As the teletype, or the telecommunication device became more readily available, Deaf
persons were able to communicate more easily; being able to call their doctor, or a
business, or a friend when they needed to, as long as the person they were calling had a TTY as well. Soon though, the telecommunication relay service was developed to provide people who are Deaf the ability to call people who are hearing directly, even if they did not have a TTY. As technology advanced, the TRS became the VRS or video relay service. Using a webcam and the internet, Deaf people could use a live interpreter to transmit their message through their first language. With the introduction of the Sorenson Videophone, Deaf people could easily connect and communicate to other Deaf/hearing impaired persons comfortably in their own home.

Currently, the possibilities for Deaf people to communicate freely is expanding rapidly. The Sprint Video Relay Service App and now the iPhone 4 Face Time option allow quicker communication anytime, anywhere.

Telecommunication systems have improved, creating better access and greater capabilities for communicating across time and space. Along with the introduction of vlogs, Web 2.0 and mobile technology have allowed the Deaf community to expand outside the smaller neighborhood communities, as well as given exposure to a unique language and culture. Even with such improvements, what more can be done? Netflix recently has increased their list of streaming movies available with subtitles, but not all have them ( And with the thousands of educational videos on Youtube or TeacherTube that would be beneficial for the classroom, very few have subtitles. With the burgeoning repertoire of videos, clips, and presentations available for educational use, the issue of access must be thrown to the forefront of technology and education discussions. We have come a long way, but not far enough.

Monday, July 11, 2011

QR Codes in the Real World

It always seems that once you learn about something, it ends up popping up everywhere. This has become true for me with QR codes. Before this summer, I really had no idea what they were and I had maybe seen them once or twice but did not know the specifics. With my research and posting last week, I became much more interested and intrigued at the capabilities of these QR codes and the possibilities for use in the classroom. Since my last post, I have encountered QR codes several times (more times than I have in the past year) in the past few days.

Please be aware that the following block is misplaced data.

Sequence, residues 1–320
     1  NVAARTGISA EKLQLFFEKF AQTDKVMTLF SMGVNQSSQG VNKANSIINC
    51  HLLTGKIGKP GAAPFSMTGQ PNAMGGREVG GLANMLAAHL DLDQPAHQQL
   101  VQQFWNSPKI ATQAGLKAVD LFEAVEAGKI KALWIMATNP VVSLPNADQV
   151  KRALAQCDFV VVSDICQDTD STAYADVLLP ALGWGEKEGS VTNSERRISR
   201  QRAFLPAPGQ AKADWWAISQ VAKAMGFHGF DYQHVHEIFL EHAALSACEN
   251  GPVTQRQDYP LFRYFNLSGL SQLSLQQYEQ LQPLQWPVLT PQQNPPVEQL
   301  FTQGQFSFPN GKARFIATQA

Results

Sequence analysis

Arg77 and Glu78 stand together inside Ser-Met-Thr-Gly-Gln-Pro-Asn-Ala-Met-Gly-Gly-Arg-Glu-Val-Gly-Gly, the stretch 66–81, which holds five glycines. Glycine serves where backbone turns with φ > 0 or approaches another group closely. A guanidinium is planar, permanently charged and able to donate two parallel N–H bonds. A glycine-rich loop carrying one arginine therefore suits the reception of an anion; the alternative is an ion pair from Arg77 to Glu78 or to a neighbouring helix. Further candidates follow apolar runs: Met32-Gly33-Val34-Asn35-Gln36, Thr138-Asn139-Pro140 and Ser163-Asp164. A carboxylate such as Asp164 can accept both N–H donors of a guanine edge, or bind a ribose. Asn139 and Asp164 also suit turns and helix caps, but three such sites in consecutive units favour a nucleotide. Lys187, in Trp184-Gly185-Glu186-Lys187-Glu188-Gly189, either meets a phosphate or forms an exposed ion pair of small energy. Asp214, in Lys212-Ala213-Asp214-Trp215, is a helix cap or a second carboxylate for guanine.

1. Traveling to a family reunion in Wisconsin, I rode along with my sister. Talking with her about the current classes I was taking, our talk eventually turned to QR codes (I had sent my sister a link about them, saying we should use them for our next family scavenger hunt). As we were talking, my sister was flipping through a magazine. Lo and behold, a QR code popped up on one of the pages. Having not downloaded a QR code on my iPhone yet, we quickly downloaded one, filled with excitement to see what happened when we scanned the little box of black lines. Attached to a story about a band, the QR code once scanned, led us to a video of a live performance by the band, streaming from youtube. As we listened and watched the song, we were amazed at how easily physical text could be integrated with mobile phone technology. The QR code gave us something that was not possible with text alone: it gave us an opportunity to bring to life the description of the band, listening to a
song in an instant. Our reading experience became multidimensional. (See example page below from Relevant magazine.)

2. The other instance I encountered QR codes this past weekend was later that night at a local musical festival. When entering the festival, there was a sign promoting the event with a large QR code in the center. It promoted a prize drawing for those who scanned the QR code with multiple opportunities to scan multiple codes. Once I scanned the sign, I was directed to a site where I could enter my name and phone number in order to enter the drawing. I was given another QR code card when I bought food, and found a complete list of where I could scan various QR codes; festival workers tshirts, at different stores around town, and at different community sites throughout town. It ultimately was a large advertising campaign for the town.

Example of QR codes in advertising

As I have thought more about QR codes, I began to think about the possibilities for students whose first language is not English, most relevant for me, students whose first language is American Sign Language (ASL). One of the greatest challenges for students who are Deaf is developing English language skills. High school students who are deaf typically graduate with a 4th grade reading level. The nuances of English, especially within textbooks, are difficult to understand when reading is one dimensional. Often times, teachers of Deaf students will have students read a text, then have it signed in their own language, either by the teacher or by the students. This allows greater comprehension of a written language through a visual language. QR codes could create an avenue to bring difficult texts to the level of the reader. It seems possible, that a QR code connected to a specific text could be a link to a visual representation of the reading, presenting the text visually through sign language. This allows the student to read independently, with a greater possibility of genuine comprehension. The students could ultimately be asked to create their own videos corresponding to readings, allowing the student to show competence in reading English and translating it to ASL.

Though I must move on from my QR inquiry to explore other tech devices, apps, and programs, I will still be brainstorming ideas on how to incorporate QR codes into special education. And I hope to create my own QR code soon.